'Chernobyl Diaries' Critic Reviews
Dismally contrived - with formulaic plotting, shaky camerawork, cliched dialogue and repetitive scenes.
...the location is where Peli's inspiration started and stopped.
The silly, shallow people in Chernobyl are so spectacularly stupid and keep doing such massively moronic things that you start actively cheering for their deaths.
Earns points on restraint, mood, and something that real estate agents know all about: location, location, location.
Chernobyl Diaries is a great movie to rent and watch for 85 minutes and then eject the disk before the ending truly ruins it.
Watching the protagonists fall one by one, it becomes clear that this isn't a cautionary example: it's sweet Darwinism in action.
Any movie with idiots taking an unsanctioned tour of Chernobyl has to be great, right? Who wants to see a horror movie with smart characters making brilliant decisions?
The setting is genuinely creepy, but the last act emits low-level thrills.
It's appropriate that the young cast spends a good deal of time running in circles -- it's a metaphor for first-time director Brad Parker's repetitive, colorless action.
A run-of-the-mill low-budget flick focused on killing off stupid, pretty young things slowly enough to fill out 90 minutes.
Jeffrey M. Anderson
Common Sense Media
Nearly every scary moment is either right out of the horror textbook, or else it subverts logic for an easy shortcut.
In keeping with some of the better Wrong Turn chillers of recent vintage, the dimwit wayfarers in 'Chernobyl Diaries' break every rule known to horrordom and are, therefore, ripe for catastrophe. Goody, goody.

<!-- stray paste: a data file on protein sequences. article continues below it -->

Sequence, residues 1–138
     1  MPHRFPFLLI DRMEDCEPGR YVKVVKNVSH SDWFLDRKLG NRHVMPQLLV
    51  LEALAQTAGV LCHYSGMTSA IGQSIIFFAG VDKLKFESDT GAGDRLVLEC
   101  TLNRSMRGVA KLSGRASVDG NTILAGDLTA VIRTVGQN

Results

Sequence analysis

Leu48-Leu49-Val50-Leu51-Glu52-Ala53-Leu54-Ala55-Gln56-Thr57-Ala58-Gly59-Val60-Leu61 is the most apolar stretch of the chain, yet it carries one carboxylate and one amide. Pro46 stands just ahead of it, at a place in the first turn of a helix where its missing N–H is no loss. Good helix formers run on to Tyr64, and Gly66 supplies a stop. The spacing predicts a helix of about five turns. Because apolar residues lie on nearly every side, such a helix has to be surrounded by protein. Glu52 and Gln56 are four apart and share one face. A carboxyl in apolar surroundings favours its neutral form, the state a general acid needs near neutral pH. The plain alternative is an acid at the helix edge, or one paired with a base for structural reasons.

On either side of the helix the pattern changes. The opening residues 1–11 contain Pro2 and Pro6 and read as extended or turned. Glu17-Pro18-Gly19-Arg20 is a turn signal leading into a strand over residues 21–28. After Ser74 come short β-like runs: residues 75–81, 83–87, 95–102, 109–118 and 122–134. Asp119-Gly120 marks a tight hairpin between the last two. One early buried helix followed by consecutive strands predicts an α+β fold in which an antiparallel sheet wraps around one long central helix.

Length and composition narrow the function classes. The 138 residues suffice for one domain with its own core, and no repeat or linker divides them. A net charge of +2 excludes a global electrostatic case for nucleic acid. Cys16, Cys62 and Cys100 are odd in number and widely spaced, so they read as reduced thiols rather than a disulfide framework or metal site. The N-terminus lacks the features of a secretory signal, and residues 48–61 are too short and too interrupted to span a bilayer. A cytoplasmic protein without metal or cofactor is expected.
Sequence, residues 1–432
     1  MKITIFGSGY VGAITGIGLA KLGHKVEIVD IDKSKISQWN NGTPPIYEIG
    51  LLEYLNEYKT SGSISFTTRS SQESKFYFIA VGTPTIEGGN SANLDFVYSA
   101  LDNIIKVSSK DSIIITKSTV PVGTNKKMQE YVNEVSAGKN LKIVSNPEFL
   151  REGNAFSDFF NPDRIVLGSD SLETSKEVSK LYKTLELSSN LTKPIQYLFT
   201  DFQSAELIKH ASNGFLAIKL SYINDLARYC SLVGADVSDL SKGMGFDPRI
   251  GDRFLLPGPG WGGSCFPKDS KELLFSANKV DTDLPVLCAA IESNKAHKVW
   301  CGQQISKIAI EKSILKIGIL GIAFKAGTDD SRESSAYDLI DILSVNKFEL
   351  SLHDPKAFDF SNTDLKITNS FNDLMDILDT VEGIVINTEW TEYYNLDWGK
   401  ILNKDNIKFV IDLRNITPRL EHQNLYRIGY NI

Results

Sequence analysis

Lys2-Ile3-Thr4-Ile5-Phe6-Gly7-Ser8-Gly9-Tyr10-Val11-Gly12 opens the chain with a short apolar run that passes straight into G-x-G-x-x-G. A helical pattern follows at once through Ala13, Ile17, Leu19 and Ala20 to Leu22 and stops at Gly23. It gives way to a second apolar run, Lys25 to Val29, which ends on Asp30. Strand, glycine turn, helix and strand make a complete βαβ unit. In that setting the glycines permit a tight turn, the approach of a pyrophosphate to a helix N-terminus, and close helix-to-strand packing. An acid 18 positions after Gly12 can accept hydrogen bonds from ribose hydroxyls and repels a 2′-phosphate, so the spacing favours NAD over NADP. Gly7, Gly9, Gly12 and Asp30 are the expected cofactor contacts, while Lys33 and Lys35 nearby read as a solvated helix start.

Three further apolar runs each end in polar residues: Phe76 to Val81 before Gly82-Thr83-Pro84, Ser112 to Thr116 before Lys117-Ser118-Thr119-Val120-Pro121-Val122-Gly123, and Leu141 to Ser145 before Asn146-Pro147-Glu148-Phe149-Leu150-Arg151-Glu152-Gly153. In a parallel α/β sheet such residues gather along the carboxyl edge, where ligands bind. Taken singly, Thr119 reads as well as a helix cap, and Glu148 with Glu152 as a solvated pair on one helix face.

It's The Hills Have Eyes meets The Blair Witch Project, a flashlight tour through a stupid urban legend, with the unseemly authenticity only real devastation can provide.
Sara Maria Vizcarrondo
If this horror movie cashes in on the audience that echoes its character's awareness ("That's where the nucular thing happened, right?") then we're about to learn how low our national academic standards are.
While filing out of my screening, I overheard the kid next to me turn to his friends and say "Eh. . .I've seen worse" and not counting the last 10 minutes here, so have you.
Yes, this is another movie where suspense is shuttled aside for actors yelling at the top of their lungs and many meaningless things going much more than 'bump' in the Ukrainian night.
JoBlo's Movie Emporium
This is not a terrible film yet it isn't necessarily good.
Chernobyl Diaries is still full of things to like. The characters are fully three-dimensional, the dialogue is believable and most of the action stems from logical circumstances.
With the faux-verite aesthetics of [Rec], the American-tourists-in-Eastern-European-hell setup of Hostel, and the brain of a mushy radioactive mutant zombie thingie, Chernobyl Diaries is little more than decomposed horror leftovers.
The characters lack basic common sense and the script takes itself way too seriously.
First-time director Bradley Parker (working from a script co-written by Paranormal Activity creator Oren Peli) understands that suggesting is scarier than showing, and confusion generates more suspense than explanations do.
You can't help but be sucked into the story, even when you pretty much know, beat for beat, where it's going.
Pete Vonder Haar
Mutants? Near Chernobyl? You don't say.
You get the sleazy fatalism you pay for, albeit with production values and scare tactics more atmospheric, restrained and artistic than you might expect.
This is a standard-issue slasher movie without much slashing, substituting the Chernobyl-workers' ghost town of Pripyat for the likes of Friday the 13th's Camp Crystal Lake.